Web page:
Nebraska Department of Environmental Quality
Summer 2000
Public Concern Grows with Feedlot Size
Broken Bow, a Custer County community of about 4000, is located in central Nebraska where the rolling hills and farms of the east give way to the sandhills and ranches of the west. Livestock operations, large and small, are common in this primarily agricultural landscape. But as much of the state has experienced recently, the largest operations have grown to sizes unimaginable just a few years ago. The Broken Bow area is now home to the largest cattle feeding operation in the state: Adams Land & Cattle Company. As its size has increased, so have concerns and complaints from Broken Bow residents.
Jim Sexson of DEQ’s West Central field office in North Platte changes the filter of an air particulate monitor in Broken Bow.
The Adams Land and Cattle south lot (Adams also owns a considerably smaller cattle operation to the east of Broken Bow) is located about two miles south of Broken Bow, west of Highway 21. The feedlot has a capacity of 85,000 head of feeder cattle on nearly 600 acres. DEQ’s involvement with regulating the feedlot goes back to the early days of the department: the first entry in the Adams facility file is a 1972 inspection report of a 2000 head operation which noted no problems. And there have been few regulatory problems since.
“It is a well-run operation in compliance with our livestock waste management regulations,” said Dennis Heitmann, supervisor of DEQ’s Agriculture Section. “It was the first and possibly still the only one in the state with a computerized watering system used to control dust.”

In addition to the dust control system, the Adams feedlot uses other management practices to control potential sources of odors, dust, and insects, Heitmann said. These include regularly removing manure from pens, aerators in holding ponds, restricting animal movement, and regular cleaning of debris basins. He noted that due to recent changes to Title 130 (state livestock waste control regulations), the Adams operation and many others across the state will need to submit additional information to the department concerning their odor control practices, operation and maintenance practices, emergency response plan, and nutrient management plan.

Despite compliance with state livestock waste regulations and a technologically advanced operation, complaints from Broken Bow residents about dust and odors prompted DEQ to check the air around the operation for TRS (total reduced sulfur). TRS is a toxic air contaminant sometimes detected near wastewater facilities, lagoons, livestock operations and other facilities where decay is present. Hydrogen sulfide, a component of TRS, was detected downwind from the Adams facility, so the department decided to begin monitoring air quality in Broken Bow.

Two types of monitors were installed: two PM10 monitors (one in Tomahawk Park, one on the roof of the high school) to measure small particulates such as dust, and one TRS monitor (inside the city shop, measuring the air outside). Hard-to-diagnose mechanical problems plagued the TRS monitor for several months, but it has been collecting data since March. There were also problems and possible vandalism with the Tomahawk Park PM10 monitor, but it has monitored reliably since December 1999.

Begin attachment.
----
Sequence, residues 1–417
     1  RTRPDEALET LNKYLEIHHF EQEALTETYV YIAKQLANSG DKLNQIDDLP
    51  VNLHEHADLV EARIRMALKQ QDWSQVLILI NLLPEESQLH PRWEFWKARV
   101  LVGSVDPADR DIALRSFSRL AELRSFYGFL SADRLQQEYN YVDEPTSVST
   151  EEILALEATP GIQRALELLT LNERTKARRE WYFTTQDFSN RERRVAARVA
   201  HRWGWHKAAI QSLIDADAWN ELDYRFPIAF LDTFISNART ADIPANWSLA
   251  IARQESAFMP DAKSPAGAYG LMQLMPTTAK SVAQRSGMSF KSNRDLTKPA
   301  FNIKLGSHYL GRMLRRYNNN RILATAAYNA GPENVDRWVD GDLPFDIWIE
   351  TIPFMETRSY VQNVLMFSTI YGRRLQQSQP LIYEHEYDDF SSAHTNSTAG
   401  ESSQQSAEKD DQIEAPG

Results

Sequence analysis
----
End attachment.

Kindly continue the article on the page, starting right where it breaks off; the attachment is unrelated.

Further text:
“The monitors were located in areas where we would expect public exposure and according to established siting criteria to eliminate potential interferences,” said Shelley Kaderly, DEQ Air Quality Division Administrator. “These locations, rather than at the boundary of the Adams facility, will give us information on whether levels of particulates and TRS in the air are above established standards to protect public health.”

The results of monitoring so far should be encouraging to the citizens of Broken Bow. None of the three monitors have shown any violations of state standards -- air contaminant levels intended to protect public health. The PM10 monitors will continue collecting data until at least December; the TRS monitor will continue until at least March 2001. A minimum of oneyear’s data will be collected from each monitor to provide the department with a sound basis for determining if there are any health-related air quality concerns associated with PM10 and TRS.
“The reason for complaints from Broken Bow may, in the end, be a situation which must be resolved locally,” said DEQ Director Mike Linder. “Should air monitoring readings continue to remain low, the situation involves an odor problem, but not a violation of state air quality standards. The Department of Environmental Quality has no authority to regulate odor.

“When a community or area is confronted with complaints of odor and DEQ determines its regulations are not being violated, the options for resolution rest with local government. The community or county must look at its zoning authority or police power to address odor issues. In the meantime, in Broken Bow’s case, we will continue monitoring and conducting routine inspections of the facility’s waste control systems.”
Broken Bow monitoring information is available on the DEQ website: under Agency Programs/Air and Waste Man. Div./Air Quality/Ambient Air Monitoring Data.
Article by Rich Webster

Nebraska Department of Environmental Quality
1200 "N" Street, Suite 400
P.O. Box 98922
Lincoln, Nebraska 68509
(402) 471-2186